How-To Guide: Fillet a Fish

After several hours and many miles downriver we had found ourselves at the base of a waterfall. The morning fog still hadn't cleared and the river ahead of us and the forest at its banks were silent. The next 12 -15 miles contain some of the most sought after fishing stocks in the world. This is Alaska’s Copper River. We came here for one reason - to fish.

In this journal, we will walk you though filleting and curing a Copper River Sockeye salmon that we caught. No stove, no cutting board, and on the bank of the river - just the way we like it.

Recommended Gear: Blind Bag - Signature Canvas/Signature Leather | Madison Fly Rod - 5WT Graphite | Abel x Ball and Buck Fly Fishing Reel | Abel x Ball and Buck Nippers | Handmade Fishing Net | Folding Hunter Knife - Heritage Walnut   


After cleaning, place the fish on its side, with its spine facing towards you. Behind the head, insert your knife into the back of the fish just above the spine. Keeping your knife at a slight downward tilt, with the spine as your guide, start slicing towards the tail, using a gentle sawing motion. As you slice, lift the fillet slightly – not too much, just enough to let the knife do its work. About halfway through the fish, reposition your hand to brace the fillet – keep your hand behind the knife, and continue slicing until you reach the tail. Place the fillet aside, flip the fish and repeat. Use the carcass for stock or bait.With salmon this fresh, you don’t even need to cook it. We like it cured in a simple salt/sugar mix - it keeps it fresh and lets the fish be the star of the show. As long as the salt and sugar ratio is constant, you can add whatever other spices and herbs you like. We're fond of adding a splash of gin and some caraway seeds. Once cured the following recipe should keep for several days - even if it is unlikely to actually last that long.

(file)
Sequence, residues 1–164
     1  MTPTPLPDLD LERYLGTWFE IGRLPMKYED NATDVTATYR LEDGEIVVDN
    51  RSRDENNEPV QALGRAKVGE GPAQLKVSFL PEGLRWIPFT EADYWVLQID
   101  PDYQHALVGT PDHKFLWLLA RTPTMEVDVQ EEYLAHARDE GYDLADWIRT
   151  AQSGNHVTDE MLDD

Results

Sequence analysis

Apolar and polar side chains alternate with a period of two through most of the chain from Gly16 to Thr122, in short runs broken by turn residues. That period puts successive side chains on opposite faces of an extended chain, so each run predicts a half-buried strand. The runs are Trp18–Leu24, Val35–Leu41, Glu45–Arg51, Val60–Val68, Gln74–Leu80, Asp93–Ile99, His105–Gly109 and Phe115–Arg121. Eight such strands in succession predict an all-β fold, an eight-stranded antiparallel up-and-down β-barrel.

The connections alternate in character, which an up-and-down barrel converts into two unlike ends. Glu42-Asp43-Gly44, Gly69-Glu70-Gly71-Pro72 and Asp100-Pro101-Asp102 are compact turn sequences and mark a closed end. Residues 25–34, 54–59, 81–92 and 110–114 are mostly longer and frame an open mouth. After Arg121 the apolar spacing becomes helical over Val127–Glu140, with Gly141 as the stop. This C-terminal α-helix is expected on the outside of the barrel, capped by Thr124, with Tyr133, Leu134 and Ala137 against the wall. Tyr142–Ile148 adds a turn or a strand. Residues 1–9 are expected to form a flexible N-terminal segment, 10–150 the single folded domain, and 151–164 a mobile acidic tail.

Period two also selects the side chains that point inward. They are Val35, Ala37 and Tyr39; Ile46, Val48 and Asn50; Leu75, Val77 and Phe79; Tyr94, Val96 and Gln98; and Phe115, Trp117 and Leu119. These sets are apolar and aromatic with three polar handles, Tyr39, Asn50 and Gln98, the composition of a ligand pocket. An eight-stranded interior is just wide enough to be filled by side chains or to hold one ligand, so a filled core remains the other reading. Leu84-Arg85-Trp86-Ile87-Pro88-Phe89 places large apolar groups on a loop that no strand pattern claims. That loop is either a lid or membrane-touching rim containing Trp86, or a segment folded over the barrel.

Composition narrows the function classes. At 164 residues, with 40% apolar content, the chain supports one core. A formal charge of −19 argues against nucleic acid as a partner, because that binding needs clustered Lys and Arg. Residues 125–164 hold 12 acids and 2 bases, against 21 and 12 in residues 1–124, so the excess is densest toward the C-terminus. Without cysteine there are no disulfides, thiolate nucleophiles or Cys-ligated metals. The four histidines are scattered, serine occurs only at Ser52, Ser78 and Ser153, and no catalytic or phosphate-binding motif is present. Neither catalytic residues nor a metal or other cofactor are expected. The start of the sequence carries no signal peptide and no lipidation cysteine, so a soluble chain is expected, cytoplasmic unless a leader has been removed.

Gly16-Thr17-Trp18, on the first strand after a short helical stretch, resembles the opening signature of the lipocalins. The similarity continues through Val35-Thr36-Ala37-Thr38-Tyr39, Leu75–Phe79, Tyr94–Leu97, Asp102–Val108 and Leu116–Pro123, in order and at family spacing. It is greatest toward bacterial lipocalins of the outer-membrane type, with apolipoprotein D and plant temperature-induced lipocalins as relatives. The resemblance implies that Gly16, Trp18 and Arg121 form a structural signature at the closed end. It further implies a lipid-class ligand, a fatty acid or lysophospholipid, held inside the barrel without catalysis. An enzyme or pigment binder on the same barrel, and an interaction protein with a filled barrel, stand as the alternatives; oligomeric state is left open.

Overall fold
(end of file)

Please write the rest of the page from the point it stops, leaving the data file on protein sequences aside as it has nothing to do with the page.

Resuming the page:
All you will need is the following:

  • 40g of kosher salt
  • 25g of sugar
  • 1 bunch of freshly chopped dill
  • The zest of 1 lemon
  • 1 pound fillet of salmon.

Mix the salt, sugar, dill, and zest together in a mixing bowl. Take your freshly filleted salmon and rub about half of the salt cure on the skin side. Place in a shallow bowl, skin side down, and top with the remaining half of the salt cure. Be sure to rub thoroughly. Cover with plastic wrap and place under something heavy - river stones and cast iron work equally well. Place in the refrigerator and let rest for 1 day.

On day 2, flip the salmon over so that the skin side is facing up. Rewrap, put what you were using as a weight back on top, and return to the refrigerator for 2 more days. After the 3 days, remove the salmon from the refrigerator, wipe off and discard the salt cure, and place onto a firm surface. Using your sharpest knife, slice thin as possible on a bias. The fresher the salmon, the better this will taste.

The salmon will be great as is, but we recommend it on an everything bagel, with cream cheese, and raw red onion. Serve cold and take it with you on your next adventure.









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